How Ironic: Midland, Texas, and Midtown Manhattan Get Same Hotel
So what do Midland, a West Texas town of 111,000 people, and Midtown Manhattan have in common? Marriott this week opened branches of its SpringHill Suites extended-stay brand in both places. Of course, the 171-room midtown Manhattan branch, located just off Fifth Avenue a few blocks south of 42nd Street, has it all over the 107-room Midland hotel. That SpringHill is five miles from downtown Midland. ... Speaking of Marriott, it opened branches of its Fairfield Inn chain in Duluth, Georgia, and Milwaukee. It also opened a 56-room TownePlace Suites in Aberdeen, South Dakota, and added the St. Ermin's Hotel in London to its Autograph Collection of independents. ... DoubleTree by Hilton, which may want to reflag any extra bedrooms you have, has opened a few more converted hotels. In Bristol, Connecticut, known for being the headquarters of ESPN, DoubleTree is now the flag above the 141-room hotel that was once a Clarion. And in London (the old one in England, not the new one in Connecticut), two old Ramada hotels now fly the DoubleTree flag. The 228-room DoubleTree Hyde Park is on the Bayswater Road near the northwest boundary of the park. The other is an 189-room property in the borough of Ealing.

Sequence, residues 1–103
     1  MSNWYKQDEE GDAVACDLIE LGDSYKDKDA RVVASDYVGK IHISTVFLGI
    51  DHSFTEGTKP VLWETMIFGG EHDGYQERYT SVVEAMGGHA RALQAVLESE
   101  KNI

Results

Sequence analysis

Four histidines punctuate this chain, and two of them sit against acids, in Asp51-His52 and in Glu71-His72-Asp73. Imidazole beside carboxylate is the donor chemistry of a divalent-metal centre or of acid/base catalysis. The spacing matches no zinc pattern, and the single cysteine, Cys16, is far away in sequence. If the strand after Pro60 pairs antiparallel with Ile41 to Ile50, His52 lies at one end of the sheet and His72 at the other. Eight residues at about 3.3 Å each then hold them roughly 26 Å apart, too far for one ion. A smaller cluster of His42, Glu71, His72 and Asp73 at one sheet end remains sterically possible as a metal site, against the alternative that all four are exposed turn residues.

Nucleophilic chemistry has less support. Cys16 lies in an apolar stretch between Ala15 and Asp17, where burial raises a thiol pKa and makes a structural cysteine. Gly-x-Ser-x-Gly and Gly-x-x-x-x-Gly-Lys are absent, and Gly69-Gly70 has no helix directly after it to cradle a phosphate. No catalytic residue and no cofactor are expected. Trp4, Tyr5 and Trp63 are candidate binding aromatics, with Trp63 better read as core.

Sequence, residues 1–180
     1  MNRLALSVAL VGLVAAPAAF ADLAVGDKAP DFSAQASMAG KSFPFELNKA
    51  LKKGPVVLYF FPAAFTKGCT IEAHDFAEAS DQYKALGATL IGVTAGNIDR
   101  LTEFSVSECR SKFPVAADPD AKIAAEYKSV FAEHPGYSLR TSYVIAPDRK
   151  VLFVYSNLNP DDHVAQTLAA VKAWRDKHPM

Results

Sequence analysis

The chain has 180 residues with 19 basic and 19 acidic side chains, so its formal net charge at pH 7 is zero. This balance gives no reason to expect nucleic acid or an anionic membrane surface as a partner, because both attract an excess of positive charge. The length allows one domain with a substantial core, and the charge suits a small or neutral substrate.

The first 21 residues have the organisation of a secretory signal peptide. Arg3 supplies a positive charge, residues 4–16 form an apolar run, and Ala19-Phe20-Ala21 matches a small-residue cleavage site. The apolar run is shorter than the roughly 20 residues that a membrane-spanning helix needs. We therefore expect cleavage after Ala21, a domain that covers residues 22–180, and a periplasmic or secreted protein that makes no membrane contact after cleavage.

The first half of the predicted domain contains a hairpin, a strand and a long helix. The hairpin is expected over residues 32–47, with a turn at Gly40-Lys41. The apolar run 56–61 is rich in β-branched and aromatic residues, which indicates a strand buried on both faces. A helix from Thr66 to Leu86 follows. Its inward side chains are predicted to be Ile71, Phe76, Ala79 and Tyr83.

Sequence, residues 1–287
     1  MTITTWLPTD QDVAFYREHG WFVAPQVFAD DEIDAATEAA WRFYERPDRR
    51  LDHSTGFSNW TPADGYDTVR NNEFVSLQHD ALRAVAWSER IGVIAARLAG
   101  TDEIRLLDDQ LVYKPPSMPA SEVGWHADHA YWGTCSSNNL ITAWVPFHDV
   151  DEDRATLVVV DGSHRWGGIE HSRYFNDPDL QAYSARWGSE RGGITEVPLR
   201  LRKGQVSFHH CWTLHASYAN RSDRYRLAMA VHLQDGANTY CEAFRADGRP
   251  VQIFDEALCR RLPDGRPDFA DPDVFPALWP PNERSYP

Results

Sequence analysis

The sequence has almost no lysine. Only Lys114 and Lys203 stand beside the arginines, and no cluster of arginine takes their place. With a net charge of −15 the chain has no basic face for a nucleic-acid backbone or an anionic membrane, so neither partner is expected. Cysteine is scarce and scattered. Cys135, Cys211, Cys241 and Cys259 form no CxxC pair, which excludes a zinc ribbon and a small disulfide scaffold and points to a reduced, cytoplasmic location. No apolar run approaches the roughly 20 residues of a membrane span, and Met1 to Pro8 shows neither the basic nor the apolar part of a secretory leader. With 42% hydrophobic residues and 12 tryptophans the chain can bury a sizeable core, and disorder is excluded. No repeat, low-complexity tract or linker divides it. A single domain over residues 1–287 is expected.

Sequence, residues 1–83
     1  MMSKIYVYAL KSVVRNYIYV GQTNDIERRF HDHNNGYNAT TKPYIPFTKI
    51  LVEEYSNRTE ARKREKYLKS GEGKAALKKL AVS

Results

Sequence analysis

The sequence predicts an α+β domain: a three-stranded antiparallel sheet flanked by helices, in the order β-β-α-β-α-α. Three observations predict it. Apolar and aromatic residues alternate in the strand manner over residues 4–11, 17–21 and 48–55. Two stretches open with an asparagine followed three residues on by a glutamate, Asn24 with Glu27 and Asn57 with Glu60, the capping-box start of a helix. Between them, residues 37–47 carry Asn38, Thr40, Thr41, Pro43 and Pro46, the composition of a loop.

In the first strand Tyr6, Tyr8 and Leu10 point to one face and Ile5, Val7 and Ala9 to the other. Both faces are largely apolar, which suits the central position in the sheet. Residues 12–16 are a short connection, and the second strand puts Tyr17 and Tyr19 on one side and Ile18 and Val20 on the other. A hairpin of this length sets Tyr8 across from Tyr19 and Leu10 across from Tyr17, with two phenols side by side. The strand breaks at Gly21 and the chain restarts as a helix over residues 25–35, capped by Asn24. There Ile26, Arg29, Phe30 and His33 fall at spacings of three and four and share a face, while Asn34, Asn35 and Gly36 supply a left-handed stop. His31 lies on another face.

Isn't It Ironic? United Is Launching a Chicago-San Juan Flight